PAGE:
DARIN MURPHY
Flipnotics, Sat. February 5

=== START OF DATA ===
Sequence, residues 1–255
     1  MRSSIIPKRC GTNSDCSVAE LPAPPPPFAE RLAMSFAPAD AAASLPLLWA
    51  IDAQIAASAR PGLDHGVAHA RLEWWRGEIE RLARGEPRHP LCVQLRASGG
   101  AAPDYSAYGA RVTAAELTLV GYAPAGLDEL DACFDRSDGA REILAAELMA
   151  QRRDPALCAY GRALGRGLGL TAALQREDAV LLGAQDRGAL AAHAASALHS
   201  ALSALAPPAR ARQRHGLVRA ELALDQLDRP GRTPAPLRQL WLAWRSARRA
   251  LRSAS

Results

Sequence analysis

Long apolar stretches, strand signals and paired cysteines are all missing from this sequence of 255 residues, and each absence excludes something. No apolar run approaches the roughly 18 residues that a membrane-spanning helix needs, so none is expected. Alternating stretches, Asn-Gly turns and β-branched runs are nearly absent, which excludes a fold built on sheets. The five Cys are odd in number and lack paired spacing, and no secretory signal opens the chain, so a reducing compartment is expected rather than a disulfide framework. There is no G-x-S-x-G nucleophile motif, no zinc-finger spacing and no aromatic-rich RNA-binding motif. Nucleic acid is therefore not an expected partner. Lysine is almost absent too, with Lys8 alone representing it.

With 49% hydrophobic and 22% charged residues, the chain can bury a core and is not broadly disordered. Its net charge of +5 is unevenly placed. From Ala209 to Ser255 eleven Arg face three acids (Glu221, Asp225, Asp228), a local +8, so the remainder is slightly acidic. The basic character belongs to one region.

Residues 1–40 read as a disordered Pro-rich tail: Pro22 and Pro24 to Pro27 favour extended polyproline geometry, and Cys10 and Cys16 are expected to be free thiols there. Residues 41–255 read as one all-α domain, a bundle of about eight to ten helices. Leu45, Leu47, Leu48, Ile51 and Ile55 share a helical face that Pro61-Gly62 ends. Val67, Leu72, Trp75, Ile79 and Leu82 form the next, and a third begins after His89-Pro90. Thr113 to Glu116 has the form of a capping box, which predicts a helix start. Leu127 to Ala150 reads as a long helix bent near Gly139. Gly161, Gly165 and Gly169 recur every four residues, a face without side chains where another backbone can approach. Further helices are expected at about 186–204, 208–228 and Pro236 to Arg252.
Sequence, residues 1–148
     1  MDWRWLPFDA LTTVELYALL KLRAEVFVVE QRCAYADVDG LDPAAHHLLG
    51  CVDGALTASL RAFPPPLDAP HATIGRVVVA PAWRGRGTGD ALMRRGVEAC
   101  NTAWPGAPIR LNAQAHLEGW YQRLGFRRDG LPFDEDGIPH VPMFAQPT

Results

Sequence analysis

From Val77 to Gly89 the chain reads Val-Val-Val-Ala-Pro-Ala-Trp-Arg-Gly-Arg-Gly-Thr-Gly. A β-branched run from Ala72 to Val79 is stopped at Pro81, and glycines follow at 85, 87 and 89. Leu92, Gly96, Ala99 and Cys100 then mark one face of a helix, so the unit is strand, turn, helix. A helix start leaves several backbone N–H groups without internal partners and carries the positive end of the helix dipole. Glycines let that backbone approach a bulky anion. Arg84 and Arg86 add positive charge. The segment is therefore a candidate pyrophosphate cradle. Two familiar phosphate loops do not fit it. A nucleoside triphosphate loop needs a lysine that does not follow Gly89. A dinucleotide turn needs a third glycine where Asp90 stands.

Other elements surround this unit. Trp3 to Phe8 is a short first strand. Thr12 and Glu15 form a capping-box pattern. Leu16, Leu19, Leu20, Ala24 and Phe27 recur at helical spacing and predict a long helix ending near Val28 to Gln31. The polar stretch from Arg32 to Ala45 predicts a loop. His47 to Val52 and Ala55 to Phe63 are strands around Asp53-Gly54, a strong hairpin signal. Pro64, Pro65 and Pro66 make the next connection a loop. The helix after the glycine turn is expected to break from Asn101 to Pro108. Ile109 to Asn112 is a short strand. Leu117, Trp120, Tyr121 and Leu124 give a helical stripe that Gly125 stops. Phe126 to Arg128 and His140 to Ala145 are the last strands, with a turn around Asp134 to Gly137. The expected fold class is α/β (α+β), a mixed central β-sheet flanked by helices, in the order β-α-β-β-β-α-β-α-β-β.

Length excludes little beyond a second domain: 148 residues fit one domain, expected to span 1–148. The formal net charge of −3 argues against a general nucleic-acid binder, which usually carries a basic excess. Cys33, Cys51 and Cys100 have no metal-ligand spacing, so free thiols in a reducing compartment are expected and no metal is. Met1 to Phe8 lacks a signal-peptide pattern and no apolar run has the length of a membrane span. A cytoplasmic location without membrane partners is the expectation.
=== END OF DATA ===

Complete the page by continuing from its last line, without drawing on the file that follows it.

Fans, friends, and family of Darin Murphy huddled together in the cramped indoor space of Flipnotics last Saturday night as the multi-talented musician presented an Austin career retrospective. In contrast to the chaotic Mardi Gras goings-on downtown, the cozy gathering of 50 or so felt something like what one would imagine an impromptu after-meal Thanksgiving Day performance at the Murphy homestead might approximate. Murphy managed to further enhance the intimacy of the confined gathering by peppering his set with personal reflections and between-song annotations, conveying an obvious nostalgia for the town that he has made his base of operations since 1994. “This may be our biggest audience ever; where have you all been?” the easygoing Murphy joked to the packed room before his set began. “Oh well, it’s never too late,” he said before launching into “Blackberry Plain” from his 2001 release Haunted Gardenias. It may not be too late, but if you’ve never caught this local popsmith’s live act before, it may be awhile before you get another chance. Murphy has “passed the audition” of a lifetime, as it were, and is off to Broadway, albeit as an understudy, to portray John Lennon in a new musical set to debut in July. No surprise. With Murphy taking acoustic guitar duty backed by a proper electric three-piece, most of his material sounds like it came from some alternate-universe version of Help! Later in the set, Murphy certified his anglophile status with “Boxing Day,” his postcard from, and tribute to, London, inspired by his European tour with sis Trish in 1999. While most of the evening’s material came from Murphy’s two locally-produced releases, Solitarium (1999) and Haunted Gardenias, the crowd was treated to some unreleased material, as well as a couple of guest vocal spots. The first came from Benjamin Hotchkiss (vocalist from Darin’s side project the K-Tel Hit Machine, an Austin supergroup that has made a niche of covering 70’s AM radio staples) who joined the band for a couple of Beatle and McCartney covers (natch). “K-Tel is the band I’ll miss playing with the most,” admitted Murphy after the performance. One of the evening’s special highlights came when Murphy brought his father, D.H. Murphy, onstage to perform “Old Sayings,” a song he had written back in ‘68, and one the Murphy children have covered throughout the years (look for the song as a hidden track on Trish’s Crooked Mile CD). Watching the father and son duet to a spare acoustic backing offered an insight into the obvious musical bond that this family shares. Murphy finished his bon voyage show with some harder-edged numbers before receiving a parting standing ovation. It would have been about this time that stomachs in the Murphy household started growling again. You can almost picture ol’ D.H. carving up another serving of turkey. Preferably cold. -Gary Gilliam